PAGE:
Ganguly's plight was palpable. He scored just 48 runs in five Test innings and, surrounded by stars such as Rahul Dravid, Sachin Tendulkar and Virender Sehwag, looked an ordinary player drowning in a sea of talent. As he walked out to bat in the final Test, he suffered the ultimate insult. "We want Karthik," shouted the crowd - a young wicket-keeper was preferable to a desperate captain. Then came his embarrassing dismissal, bowled by a leg-break from Shahid Afridi. Ganguly stood at his crease waiting for the umpire's decision, astounded at his own failure, and only cottoned on as the boos rained down.
His problems continued in the one-day series. India were outplayed and beaten 4-2. Ganguly failed again with the bat and was eventually banned for four one-day matches after referee Chris Broad lost patience with India's desperately slow over-rate. His grip on the Indian captaincy was at its weakest; by contrast, Inzamam, who had also earned a ban, for one Test after aggressive appealing at Bangalore, returned to Pakistan with renewed optimism and an appointment for a further year.
Ganguly's fall was made more conspicuous by the rise of Dravid, his vice-captain and most important batsman. Dravid made two hundreds in the Second Test at Kolkata, both wonderfully structured innings that turned a pivotal match in India's favour. He was eclipsed only by Sehwag, whose devastating strokeplay elevated him to the status enjoyed by Dravid and Tendulkar. Aged 26, Sehwag was already immortalised in Indian cricket. A gate was named after him at his home ground, Delhi's Feroz Shah Kotla stadium, and he attracted the commercial sponsors who once scrambled for Ganguly's endorsement. Sehwag's face was everywhere - on billboards, in newspaper adverts and selling aftershave on television. Pakistan must have been fed up of the sight of him. The Indian crowds, however, had a seemingly unending admiration for "little Viru". The only one not totally impressed was Woolmer. His comment on a television chat show that Sehwag was a "sophisticated slogger" was based on the fact that even his mistimed strokes flew to the boundary. Sehwag's strokeplay bordered on the violent, but slogging it was not. Pakistan simply failed to cut down his options, and his hitting was clean throughout. He was the series' leading scorer, with 544 runs at a strike-rate of 73.61 per 100 balls. It started at Mohali. Sehwag made a thrilling 173 in the First Test, but bettered that with his 201 at Bangalore, where the next-highest score from any of his team-mates was a plodding 79 by V. V. S. Laxman. And that was the crucial flaw in India's performance. While Dravid and Sehwag made weighty contributions, no other Indian scored a century - not even Tendulkar, whose quest for a 35th Test hundred to surpass Sunil Gavaskar's record consumed him and his public.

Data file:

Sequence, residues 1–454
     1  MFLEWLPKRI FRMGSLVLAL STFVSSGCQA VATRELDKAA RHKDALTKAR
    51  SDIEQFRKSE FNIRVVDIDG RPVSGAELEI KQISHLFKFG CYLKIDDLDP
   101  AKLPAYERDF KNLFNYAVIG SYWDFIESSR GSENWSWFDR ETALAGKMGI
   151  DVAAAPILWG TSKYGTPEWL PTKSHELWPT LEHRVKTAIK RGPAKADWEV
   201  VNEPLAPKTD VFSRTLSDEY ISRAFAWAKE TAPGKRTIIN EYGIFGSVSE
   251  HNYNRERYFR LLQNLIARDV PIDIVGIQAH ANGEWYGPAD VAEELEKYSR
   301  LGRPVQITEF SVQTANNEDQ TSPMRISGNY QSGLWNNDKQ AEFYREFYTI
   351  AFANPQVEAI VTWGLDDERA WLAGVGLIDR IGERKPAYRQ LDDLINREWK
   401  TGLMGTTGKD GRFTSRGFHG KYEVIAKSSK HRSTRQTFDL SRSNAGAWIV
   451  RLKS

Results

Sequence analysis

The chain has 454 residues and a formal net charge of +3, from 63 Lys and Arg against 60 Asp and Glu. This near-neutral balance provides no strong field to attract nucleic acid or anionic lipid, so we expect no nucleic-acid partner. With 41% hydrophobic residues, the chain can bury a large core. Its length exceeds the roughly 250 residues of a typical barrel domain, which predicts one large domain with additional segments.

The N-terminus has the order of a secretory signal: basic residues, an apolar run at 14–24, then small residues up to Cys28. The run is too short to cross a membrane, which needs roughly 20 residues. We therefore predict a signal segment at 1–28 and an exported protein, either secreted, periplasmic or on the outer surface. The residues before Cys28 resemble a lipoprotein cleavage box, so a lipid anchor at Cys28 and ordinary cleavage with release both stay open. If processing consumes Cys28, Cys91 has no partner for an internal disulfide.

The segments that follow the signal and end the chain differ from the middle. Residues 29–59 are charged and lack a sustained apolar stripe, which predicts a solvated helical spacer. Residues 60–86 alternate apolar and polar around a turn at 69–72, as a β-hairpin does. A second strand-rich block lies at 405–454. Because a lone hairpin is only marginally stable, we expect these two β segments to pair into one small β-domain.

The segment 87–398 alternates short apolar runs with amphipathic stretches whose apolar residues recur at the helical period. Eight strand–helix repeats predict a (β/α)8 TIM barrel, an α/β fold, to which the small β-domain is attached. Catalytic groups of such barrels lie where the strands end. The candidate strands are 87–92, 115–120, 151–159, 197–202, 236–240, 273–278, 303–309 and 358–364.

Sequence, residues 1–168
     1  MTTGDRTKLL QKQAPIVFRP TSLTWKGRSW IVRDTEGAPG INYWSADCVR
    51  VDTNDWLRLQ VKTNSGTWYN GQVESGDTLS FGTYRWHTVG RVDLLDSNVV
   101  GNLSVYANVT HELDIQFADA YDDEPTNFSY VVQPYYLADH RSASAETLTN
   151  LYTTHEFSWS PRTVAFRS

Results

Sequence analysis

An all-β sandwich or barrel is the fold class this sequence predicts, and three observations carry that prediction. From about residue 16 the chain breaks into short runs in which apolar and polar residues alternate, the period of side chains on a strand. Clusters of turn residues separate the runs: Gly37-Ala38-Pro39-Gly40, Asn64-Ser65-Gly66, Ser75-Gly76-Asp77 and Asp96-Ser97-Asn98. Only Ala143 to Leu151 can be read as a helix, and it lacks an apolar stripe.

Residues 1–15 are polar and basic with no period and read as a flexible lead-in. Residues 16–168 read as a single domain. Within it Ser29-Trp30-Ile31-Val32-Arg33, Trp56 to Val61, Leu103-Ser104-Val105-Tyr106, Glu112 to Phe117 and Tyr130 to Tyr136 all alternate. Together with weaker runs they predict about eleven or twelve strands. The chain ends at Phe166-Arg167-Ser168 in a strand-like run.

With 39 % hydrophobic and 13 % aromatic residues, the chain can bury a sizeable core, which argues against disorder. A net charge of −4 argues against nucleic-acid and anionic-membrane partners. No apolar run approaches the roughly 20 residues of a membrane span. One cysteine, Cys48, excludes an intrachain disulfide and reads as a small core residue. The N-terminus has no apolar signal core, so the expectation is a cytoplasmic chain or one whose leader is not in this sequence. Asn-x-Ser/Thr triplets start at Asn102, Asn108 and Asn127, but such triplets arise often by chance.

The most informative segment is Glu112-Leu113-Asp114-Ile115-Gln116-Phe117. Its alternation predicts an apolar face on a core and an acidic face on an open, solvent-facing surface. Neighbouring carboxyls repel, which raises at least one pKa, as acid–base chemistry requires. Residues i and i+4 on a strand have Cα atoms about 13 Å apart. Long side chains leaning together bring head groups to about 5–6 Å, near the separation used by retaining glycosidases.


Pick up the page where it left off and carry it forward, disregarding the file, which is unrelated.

When Tendulkar closed on three figures in his first innings of the series, he became reticent, overwhelmed by the urge to score a hundred. The way he slowed down after passing fifty proved costly; the time he consumed in reaching 94 could have been invaluable to the Indian bowlers, but Pakistan escaped with a draw.